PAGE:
In medical news, we have a great new data gathering resource, Pregsource. The NIH (National Institute of Health) has partnered with ACOG ( American College of Obstetricians and Gynecologists) to gather a wide variety of data from pregnant women. Research on pregnant women is hard to design and fund, since there are concerns about the fetus. But we need usable information on pregnant women just as much as on other people, and so there needs to be an acceptable way to move forward. The idea of including pregnant women in drug studies is rapidly becoming a hot topic, since to date they have mostly been excluded. But this is often without medical reason, and both caregivers and patients are starting to raise the alarm.
Here is Pregsource:
If you are pregnant, there is no reason not to join. Tell your caregiver so they can make their other patients aware. This is a fantastic example of citizen science in action. It is also a relatively low cost way to assemble a much needed research base of data on pregnant women.
In the mostly good news department, Sanofi has devoted what appears to be an effective Zika virus vaccine, It has shown good immunogenicity, and a 90% response. However it has been tabled due to “political pressure over pricing”. I think this is promising since it shows that such vaccines are possible. Apparently there are other similar vaccines in the works. I can’t help but connect the dots between the high drug prices we pay and the amazing things that drug companies are able to do with that money.
Ob/Gyns are becoming a dying breed. I can certainly understand why, what with coverage challenges, political upheaval and malpractice threats. Apparently a new study has shown that 50% of US counties lack an Obstetrician Gynecologist. Just so you know, high risk cases in either Gyn or OB can scarcely be handled by any other types of doctors, except for perhaps general surgeons, and they are generally overburdened to begin with. The number of Ob/Gyns is due to diminish further with a shortage of nearly 8000 by 2020 two years from now.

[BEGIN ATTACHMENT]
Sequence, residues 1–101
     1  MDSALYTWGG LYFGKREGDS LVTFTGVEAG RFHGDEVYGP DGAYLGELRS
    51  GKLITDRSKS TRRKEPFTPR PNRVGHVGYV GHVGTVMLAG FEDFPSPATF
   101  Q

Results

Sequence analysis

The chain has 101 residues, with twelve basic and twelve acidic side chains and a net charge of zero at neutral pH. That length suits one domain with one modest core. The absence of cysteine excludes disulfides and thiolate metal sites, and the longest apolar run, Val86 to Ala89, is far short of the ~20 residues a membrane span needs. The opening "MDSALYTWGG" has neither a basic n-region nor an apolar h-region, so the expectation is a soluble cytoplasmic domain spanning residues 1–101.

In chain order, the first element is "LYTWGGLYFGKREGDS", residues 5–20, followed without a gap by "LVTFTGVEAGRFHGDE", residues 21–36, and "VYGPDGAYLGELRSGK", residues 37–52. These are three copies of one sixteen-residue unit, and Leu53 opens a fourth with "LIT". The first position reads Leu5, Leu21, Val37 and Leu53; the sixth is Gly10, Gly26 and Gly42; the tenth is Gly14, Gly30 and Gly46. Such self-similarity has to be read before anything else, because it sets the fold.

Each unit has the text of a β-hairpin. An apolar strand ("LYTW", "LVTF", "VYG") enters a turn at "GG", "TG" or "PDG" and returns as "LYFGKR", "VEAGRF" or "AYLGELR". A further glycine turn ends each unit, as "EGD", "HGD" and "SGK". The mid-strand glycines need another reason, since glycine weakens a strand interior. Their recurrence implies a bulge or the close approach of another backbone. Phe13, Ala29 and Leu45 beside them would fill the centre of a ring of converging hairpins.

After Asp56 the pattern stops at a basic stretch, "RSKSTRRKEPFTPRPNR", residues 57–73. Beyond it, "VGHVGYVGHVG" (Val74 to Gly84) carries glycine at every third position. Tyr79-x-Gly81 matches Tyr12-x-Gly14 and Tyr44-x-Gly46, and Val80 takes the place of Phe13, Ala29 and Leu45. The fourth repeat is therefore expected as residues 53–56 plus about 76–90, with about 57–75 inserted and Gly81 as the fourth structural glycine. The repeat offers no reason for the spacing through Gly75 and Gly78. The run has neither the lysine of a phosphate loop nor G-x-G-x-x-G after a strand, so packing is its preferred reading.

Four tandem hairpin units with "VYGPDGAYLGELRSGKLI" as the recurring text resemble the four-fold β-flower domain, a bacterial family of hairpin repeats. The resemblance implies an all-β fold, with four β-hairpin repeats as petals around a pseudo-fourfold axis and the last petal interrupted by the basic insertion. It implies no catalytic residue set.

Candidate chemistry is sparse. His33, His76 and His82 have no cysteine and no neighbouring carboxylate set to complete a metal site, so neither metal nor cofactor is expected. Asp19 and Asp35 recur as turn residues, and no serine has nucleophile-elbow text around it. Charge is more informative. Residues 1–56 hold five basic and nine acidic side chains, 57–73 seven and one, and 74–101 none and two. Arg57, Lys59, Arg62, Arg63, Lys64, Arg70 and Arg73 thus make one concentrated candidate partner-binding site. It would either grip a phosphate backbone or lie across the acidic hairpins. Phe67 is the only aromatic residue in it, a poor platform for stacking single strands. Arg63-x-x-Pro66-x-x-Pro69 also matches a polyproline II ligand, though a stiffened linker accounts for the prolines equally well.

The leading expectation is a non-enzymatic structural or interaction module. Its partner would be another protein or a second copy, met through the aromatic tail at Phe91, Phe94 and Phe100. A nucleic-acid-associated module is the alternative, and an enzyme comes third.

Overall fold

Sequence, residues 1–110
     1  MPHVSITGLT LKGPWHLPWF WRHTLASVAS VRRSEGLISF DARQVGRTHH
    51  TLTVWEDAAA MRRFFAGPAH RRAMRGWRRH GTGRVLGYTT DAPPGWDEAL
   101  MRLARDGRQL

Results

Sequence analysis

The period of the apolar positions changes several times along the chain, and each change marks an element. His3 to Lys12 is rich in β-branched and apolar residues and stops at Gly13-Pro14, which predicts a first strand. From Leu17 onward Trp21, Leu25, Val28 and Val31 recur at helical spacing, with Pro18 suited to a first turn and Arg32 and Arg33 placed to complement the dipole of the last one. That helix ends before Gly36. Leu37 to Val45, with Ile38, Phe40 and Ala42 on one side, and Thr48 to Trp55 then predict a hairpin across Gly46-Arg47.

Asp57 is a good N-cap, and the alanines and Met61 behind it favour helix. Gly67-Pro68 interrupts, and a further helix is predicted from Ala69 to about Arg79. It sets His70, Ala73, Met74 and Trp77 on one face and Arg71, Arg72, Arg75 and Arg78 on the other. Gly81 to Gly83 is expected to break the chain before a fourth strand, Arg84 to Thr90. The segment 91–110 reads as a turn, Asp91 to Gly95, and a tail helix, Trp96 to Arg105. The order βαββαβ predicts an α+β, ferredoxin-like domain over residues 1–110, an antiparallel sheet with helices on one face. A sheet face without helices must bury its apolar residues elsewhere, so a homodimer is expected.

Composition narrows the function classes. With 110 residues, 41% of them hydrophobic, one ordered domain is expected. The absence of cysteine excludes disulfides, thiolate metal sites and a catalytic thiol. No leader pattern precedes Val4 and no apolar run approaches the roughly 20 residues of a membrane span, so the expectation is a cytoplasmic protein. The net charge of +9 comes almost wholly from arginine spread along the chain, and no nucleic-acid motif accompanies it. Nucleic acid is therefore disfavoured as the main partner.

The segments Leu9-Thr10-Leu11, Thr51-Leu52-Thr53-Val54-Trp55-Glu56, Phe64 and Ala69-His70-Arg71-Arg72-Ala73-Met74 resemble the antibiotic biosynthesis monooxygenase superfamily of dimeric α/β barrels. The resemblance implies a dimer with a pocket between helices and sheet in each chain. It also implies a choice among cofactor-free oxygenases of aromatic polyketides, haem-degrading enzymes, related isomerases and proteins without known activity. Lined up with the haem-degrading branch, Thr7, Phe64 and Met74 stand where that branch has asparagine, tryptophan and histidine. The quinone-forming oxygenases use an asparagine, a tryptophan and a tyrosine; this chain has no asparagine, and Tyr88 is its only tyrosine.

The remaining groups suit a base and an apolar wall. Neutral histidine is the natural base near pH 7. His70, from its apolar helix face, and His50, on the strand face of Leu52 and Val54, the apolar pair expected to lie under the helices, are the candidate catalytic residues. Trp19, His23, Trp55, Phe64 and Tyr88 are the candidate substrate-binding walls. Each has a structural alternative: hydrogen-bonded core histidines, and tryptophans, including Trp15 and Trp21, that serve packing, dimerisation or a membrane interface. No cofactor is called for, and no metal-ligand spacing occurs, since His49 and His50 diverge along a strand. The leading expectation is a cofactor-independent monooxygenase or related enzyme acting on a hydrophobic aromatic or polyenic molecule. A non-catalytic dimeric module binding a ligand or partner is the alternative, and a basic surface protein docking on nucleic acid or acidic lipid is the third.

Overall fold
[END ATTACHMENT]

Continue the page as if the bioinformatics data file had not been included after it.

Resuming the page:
A new study on oral contraceptive pills is apt to be misconstrued by the media. It is a large Danish study which has shown a slight increased risk of breast cancer with oral contraceptive pill use of at least a year. They hastened to add the the overall all risk was low, and that it was considered safe. However a twenty percent increased risk on top of a very small number is still a very small number. This is the thing I think the press will miss. I hope the press does not fail to point out the very real DECREASE in risk of ovary, uterus and colon cancer that happens at the same time with oral contraceptive pills. And oh, by the way these prevent pregnancy the vast majority of the time, and pregnancy carries its own risks which are not inconsiderable.
In sobering news, research out of the CDC (Centers for Disease Control) has shown that black women in dies in childbirth 3-4 times as often as white women. This circumstance of childbirth highlights the worst case of health related racial disparity that we in the US know. We in the US are on a Perinatal Mortality par with Mexico and Uzbekistan.
If you ask me, now is not the time to be gutting the budget for women’s health.
Stay tuned for more breaking news from the World of Obstetrics and Gynecology.